So The Ghost did not just suddenly appear on Triple R thirty years ago. I imagine that he had been plotting the scenario for years – maybe from when he was a teenager in the ‘60s.
In his years as Program Director, Stephen proved that he, like Stan Rofe, had great ears. You could hear the results in the programming. He had this notion that Triple R should appeal to people out in the ‘burbs, not just Fitzroy. He had the revolutionary idea (for community radio) of a breakfast team. He heard Julian from Crud and persuaded him to do a ten-part series. It blossomed. I think the old guard did not approve of this new approach but Stephen had the idea that Triple R’s educational licence meant education in the broadest sense.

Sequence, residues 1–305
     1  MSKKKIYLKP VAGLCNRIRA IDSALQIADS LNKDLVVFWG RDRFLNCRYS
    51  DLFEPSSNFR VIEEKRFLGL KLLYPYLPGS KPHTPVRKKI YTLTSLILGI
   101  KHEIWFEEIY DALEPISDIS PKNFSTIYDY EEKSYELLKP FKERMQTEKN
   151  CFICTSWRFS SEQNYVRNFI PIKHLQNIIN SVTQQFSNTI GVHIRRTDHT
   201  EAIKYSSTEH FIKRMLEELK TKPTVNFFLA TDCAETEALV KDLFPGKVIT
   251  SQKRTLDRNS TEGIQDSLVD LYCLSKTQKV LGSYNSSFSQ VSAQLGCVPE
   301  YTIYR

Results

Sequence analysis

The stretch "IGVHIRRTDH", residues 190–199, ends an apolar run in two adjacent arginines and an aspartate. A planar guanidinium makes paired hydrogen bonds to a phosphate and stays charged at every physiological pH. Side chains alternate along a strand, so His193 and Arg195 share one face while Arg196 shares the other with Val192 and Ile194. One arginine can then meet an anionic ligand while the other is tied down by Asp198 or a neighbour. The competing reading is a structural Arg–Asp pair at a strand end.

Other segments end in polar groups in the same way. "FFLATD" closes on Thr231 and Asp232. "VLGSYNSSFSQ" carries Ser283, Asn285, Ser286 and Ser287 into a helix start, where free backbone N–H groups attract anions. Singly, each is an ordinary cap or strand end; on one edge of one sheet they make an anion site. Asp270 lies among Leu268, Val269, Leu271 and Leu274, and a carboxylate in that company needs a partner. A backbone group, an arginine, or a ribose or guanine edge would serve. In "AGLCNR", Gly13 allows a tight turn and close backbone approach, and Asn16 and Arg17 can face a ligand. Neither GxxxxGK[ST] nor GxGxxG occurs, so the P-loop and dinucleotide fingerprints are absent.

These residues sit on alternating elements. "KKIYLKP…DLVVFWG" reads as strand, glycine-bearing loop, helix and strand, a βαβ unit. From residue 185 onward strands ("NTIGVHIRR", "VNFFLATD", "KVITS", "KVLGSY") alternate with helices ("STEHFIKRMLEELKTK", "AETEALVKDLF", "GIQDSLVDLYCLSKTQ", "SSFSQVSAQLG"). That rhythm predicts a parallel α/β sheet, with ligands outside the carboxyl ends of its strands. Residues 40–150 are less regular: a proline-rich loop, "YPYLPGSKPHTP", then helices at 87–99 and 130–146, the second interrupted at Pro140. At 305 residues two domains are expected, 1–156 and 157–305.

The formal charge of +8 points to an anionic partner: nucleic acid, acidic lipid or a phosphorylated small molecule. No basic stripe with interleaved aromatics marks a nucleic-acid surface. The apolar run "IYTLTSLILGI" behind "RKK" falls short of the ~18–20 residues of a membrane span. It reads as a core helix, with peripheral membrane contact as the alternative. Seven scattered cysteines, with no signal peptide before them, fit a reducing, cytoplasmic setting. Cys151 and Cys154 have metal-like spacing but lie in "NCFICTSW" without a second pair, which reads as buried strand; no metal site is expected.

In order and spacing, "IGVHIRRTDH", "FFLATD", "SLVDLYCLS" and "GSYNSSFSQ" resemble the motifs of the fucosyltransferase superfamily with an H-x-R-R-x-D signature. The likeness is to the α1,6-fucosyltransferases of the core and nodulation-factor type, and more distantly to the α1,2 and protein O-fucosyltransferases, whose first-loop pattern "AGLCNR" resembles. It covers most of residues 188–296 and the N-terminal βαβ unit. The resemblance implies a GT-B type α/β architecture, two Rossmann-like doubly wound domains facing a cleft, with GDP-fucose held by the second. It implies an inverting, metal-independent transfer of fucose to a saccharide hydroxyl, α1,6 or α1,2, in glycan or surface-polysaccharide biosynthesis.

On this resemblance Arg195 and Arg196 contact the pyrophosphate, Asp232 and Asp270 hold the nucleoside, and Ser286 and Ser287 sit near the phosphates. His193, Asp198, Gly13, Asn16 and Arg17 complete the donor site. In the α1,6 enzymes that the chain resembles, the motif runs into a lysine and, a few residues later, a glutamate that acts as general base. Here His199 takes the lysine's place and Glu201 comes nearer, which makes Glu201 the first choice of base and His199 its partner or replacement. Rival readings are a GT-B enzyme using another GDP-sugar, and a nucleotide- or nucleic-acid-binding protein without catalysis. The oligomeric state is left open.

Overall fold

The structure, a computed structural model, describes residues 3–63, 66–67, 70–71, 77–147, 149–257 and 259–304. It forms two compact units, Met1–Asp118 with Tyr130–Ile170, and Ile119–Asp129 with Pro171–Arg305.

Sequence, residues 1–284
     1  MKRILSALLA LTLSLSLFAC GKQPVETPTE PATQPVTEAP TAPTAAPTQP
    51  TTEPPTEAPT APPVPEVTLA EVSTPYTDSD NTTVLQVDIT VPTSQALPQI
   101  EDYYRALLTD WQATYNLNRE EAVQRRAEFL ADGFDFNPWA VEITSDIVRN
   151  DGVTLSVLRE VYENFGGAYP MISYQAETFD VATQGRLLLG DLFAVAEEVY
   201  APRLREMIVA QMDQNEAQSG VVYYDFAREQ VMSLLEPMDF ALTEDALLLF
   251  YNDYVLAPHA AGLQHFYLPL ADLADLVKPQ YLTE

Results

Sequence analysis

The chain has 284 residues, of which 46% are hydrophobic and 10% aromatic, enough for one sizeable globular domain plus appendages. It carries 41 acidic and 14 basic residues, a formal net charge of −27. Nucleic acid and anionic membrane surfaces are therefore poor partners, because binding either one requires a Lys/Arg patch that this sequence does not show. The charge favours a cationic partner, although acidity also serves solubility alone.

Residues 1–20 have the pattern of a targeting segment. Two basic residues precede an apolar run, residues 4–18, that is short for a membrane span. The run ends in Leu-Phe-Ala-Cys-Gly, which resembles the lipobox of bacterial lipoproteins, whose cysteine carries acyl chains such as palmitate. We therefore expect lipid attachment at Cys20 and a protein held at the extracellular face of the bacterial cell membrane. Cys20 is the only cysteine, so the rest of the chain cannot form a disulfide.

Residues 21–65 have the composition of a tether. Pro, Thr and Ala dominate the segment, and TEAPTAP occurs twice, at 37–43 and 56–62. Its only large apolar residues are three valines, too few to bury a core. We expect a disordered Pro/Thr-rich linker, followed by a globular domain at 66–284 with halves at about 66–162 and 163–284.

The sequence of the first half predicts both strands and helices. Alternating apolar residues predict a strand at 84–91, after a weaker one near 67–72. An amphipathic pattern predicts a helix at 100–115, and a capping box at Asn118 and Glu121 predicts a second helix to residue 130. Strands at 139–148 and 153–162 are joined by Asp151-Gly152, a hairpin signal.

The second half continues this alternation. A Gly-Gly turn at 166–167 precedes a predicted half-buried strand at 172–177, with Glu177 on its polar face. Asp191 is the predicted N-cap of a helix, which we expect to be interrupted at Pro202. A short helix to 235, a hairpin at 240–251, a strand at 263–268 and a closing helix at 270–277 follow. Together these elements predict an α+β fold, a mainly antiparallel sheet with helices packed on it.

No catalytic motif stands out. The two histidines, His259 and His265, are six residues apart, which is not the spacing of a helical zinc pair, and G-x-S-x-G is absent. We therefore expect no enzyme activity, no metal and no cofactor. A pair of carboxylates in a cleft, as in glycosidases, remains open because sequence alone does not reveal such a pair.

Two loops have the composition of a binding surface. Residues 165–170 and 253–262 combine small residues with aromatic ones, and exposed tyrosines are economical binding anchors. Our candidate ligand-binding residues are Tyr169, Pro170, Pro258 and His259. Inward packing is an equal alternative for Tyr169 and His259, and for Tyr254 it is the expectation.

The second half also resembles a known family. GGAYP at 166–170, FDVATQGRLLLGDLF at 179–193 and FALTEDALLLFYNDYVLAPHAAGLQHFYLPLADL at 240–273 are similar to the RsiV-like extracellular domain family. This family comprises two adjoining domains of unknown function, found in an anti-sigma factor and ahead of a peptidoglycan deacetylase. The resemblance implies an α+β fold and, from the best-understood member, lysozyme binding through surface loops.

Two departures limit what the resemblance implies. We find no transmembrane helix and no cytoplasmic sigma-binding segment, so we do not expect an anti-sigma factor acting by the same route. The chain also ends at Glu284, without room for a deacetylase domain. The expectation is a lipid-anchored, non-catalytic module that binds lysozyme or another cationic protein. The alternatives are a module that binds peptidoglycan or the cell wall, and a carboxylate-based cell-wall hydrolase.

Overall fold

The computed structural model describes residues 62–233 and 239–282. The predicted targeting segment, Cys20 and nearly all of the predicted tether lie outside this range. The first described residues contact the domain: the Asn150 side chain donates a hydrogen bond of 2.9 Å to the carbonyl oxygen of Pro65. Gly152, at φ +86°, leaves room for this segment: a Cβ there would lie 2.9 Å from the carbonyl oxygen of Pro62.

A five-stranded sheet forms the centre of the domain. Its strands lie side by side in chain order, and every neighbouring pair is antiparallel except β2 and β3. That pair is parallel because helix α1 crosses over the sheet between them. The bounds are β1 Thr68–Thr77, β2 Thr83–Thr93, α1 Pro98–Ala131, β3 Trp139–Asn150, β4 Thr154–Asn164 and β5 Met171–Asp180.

As Stephen’s time as PD fades it becomes a little easier for his successors. Yet almost all of them have pretty much kept to the Walker template – and, I might add, have achieved even greater success. If it is not broken, why fix it?
When I gave up working full-time I would often be in Triple R on a Friday afternoon and would encounter Stephen in his programming role. If I had done something he did not like he would stroke his chin and muse, “Mm, that was interesting the way you did that – I don’t think I’ve heard that before.” Or he might say, “Why don’t you try this next time?” and suggest a strategy. ‘You don’t have to give all the information about an album in one week if you are going to play it again,’ he would say. He remains the only person I know, who listens to radio more than I do.